This burst seems driven by the same pattern of feelings that I experience whenever I am dealing with a crying child. For example, when I saw Polly start to fall, my stomach involuntarily tightened and my breathing stopped. As her head hit the chair and her body flopped backward, I felt myself grimace and heard an audible groan come up from inside me. After the impact, I felt a frantic rush of worry as the worst case scenarios flashed through my head. Then, I took a deep breath to release that tension and slow down the rush of adrenaline before I picked Polly up and simultaneously tried to calm her and evaluate her (she was fine).
What I think happens for Pip is that he goes through the same internal tightening and adrenaline release as I do, but at the moment that I take a deep breath, he breaks into tears. His body seems to overwhelm whatever control his mind is trying to exercise.
At first, I was not very sympathetic to these outbursts as they usually place me in the difficult position of soothing two crying children instead of one. I would get frustrated with Pip because I needed his support in helping to calm Polly and instead his actions were just making her more upset. Over time my frustration with him in these moments has lessened. I have watched him over and over, and now I can see that the nature of his crying is very similar to what I experience when I crack from a buildup of tension, frustration, and exhaustion. When this happens to me, there is very little I can do about it. I have to let the tears come out because my body has decided that this is what it needs to do.
And all this crying feels very well be therapeutic. I have found that in the moments when I feel completely overwhelmed some crying helps clear away enough tension to make me functional again. It is a bit like vomiting when I feel nauseated; I don’t really want to do it, but I know that if I go ahead and let it happen it will make me feel better. Pip seems to be the same way. His moments of intense feeling pass quickly and are generally not followed by a period of brooding, sullenness, or morose behavior. Once he is done crying, he pops right back to being happy and energetic and usually starts laughing about all the snot that is now running out of his nose.
All of these dynamics complicate the question of what I should do with Pip in these moments when the emotions of others overwhelm him. There are basically four options, each with its own problematic elements:
- comfort him: This poses two problems. First, it is difficult to comfort both kids at once. Bringing them close together just intensifies the crying of each. Second, it reinforces the idea that crying is a guaranteed attention getting mechanism. I want both Polly and Pip to be able to cry when they are hurt or frustrated. But I also fear the power that crying gives them. I don’t want them to learn to use it as a tool of manipulation.
- tell him to stop: This is one of those unrealistic commands that people try but never works. Once the tears are flowing, you can’t order a person to stop crying, regardless of how nicely or harshly you phrase it.
- leave him alone/send him to a safe spot to work it out: This tactic is the one I tend to use. It has the advantage of separating the crying children and allowing Pip to continue crying for as long as he feels he needs to. It also avoids the extra attention dilemma that comes with the comforting tactic. However, in using this tactic it feels like I am abandoning Pip in a time of difficulty. I worry that by sending him away from me I may be undermining his trust and his willingness to come to me in future times of difficulty.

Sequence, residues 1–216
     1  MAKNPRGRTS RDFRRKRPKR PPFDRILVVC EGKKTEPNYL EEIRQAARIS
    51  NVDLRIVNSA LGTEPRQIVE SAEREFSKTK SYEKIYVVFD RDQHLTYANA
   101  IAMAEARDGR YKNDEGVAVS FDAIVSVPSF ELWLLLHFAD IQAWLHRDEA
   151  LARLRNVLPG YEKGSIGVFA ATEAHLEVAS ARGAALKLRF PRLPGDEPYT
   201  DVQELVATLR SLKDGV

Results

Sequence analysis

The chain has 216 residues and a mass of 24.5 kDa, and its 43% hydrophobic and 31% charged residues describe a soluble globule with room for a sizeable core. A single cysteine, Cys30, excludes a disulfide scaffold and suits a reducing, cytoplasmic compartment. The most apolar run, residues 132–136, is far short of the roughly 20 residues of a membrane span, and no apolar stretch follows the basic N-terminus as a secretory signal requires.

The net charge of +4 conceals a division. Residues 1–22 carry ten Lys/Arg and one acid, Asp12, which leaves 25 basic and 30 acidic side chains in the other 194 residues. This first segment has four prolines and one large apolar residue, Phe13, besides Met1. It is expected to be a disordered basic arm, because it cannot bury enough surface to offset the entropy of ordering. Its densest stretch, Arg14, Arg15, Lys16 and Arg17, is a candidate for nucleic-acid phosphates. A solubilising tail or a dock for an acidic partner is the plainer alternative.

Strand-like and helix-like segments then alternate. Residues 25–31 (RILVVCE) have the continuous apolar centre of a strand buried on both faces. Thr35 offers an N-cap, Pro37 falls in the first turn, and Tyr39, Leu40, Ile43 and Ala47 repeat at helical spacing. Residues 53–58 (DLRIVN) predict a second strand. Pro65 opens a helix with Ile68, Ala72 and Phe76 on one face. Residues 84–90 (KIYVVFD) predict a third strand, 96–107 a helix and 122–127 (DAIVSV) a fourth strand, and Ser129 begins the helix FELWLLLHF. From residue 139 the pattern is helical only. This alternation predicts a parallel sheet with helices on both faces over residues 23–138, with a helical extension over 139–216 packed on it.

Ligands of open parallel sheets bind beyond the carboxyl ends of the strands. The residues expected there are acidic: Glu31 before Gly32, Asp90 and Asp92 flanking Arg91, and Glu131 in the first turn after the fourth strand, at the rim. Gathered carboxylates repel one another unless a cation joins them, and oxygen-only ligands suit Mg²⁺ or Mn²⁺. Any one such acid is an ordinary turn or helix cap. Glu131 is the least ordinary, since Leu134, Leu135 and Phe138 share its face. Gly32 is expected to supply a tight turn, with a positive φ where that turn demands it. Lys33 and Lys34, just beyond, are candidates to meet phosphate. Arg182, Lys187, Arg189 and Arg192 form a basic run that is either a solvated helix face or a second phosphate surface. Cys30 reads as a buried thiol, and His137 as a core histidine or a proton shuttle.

- teach him to head off the emotions before they start: I think this is the best option. Ava and I have worked with him to create ways of holding off the tears – like moving to a different room or saying a funny word. This has worked sometimes though it is difficult to tell whether the gradual decrease in crying incidents over time is the result of our tactical deployments, Pip’s physical and emotional maturation, or just fewer instances of crying by Polly. My biggest concern here is the stigmatization of crying that is implied in the process. How do we parse when it is okay to cry and when it is not?
Ultimately, what I am running up against is the fact that in all but a few, well-defined situations (e.g. funerals), public crying is not a socially acceptable practice. It makes people uncomfortable and marks the one who is crying as incapacitated or out of control. As such part of me wants to teach him never to cry except in strategically useful situations. And yet, there is something physiologically important in crying that I want Pip to be able to access. It not only provides a physical release of internal stress but in the process it also facilitates an acknowledgement of the emotional intensity of a moment. It took me thirty years to recognize that this acknowledgement is an important thing, that it helps generate the kind of positive attitude coming out of a problem moment that makes handling the next array of challenges much easier. I see no reason why he should have to follow the same pattern as me.
So for now, I am stuck in a dilemma. I want Pip to understand when he can cry and when I need him to hold it back. But the tools I have at my disposal are too crude to teach him the nuances of this pattern. Instead, Pip and I flail about in a haze of incomplete knowledge and incommunicable frustrations with one another. It is a failure that is all too human and one that we can never fully overcome. The best I am hoping for is to not do too much damage in the process.